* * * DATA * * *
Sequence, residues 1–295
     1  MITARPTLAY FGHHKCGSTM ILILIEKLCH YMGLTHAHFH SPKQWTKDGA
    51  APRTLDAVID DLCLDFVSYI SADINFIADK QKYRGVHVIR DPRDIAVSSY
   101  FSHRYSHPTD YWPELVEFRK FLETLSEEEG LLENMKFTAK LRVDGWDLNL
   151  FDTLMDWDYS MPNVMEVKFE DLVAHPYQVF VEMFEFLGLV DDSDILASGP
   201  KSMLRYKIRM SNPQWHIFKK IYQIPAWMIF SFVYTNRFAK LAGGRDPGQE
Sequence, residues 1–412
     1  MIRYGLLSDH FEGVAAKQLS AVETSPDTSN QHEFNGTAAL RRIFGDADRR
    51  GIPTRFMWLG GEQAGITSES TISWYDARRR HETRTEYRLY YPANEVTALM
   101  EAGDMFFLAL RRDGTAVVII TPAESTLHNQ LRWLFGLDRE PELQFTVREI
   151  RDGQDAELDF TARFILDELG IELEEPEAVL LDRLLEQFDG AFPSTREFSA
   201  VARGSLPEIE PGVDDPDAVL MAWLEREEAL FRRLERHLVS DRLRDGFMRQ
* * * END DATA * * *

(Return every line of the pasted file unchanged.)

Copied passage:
Sequence, residues 1–295
     1  MITARPTLAY FGHHKCGSTM ILILIEKLCH YMGLTHAHFH SPKQWTKDGA
    51  APRTLDAVID DLCLDFVSYI SADINFIADK QKYRGVHVIR DPRDIAVSSY
   101  FSHRYSHPTD YWPELVEFRK FLETLSEEEG LLENMKFTAK LRVDGWDLNL
   151  FDTLMDWDYS MPNVMEVKFE DLVAHPYQVF VEMFEFLGLV DDSDILASGP
   201  KSMLRYKIRM SNPQWHIFKK IYQIPAWMIF SFVYTNRFAK LAGGRDPGQE
Sequence, residues 1–412
     1  MIRYGLLSDH FEGVAAKQLS AVETSPDTSN QHEFNGTAAL RRIFGDADRR
    51  GIPTRFMWLG GEQAGITSES TISWYDARRR HETRTEYRLY YPANEVTALM
   101  EAGDMFFLAL RRDGTAVVII TPAESTLHNQ LRWLFGLDRE PELQFTVREI
   151  RDGQDAELDF TARFILDELG IELEEPEAVL LDRLLEQFDG AFPSTREFSA
   201  VARGSLPEIE PGVDDPDAVL MAWLEREEAL FRRLERHLVS DRLRDGFMRQ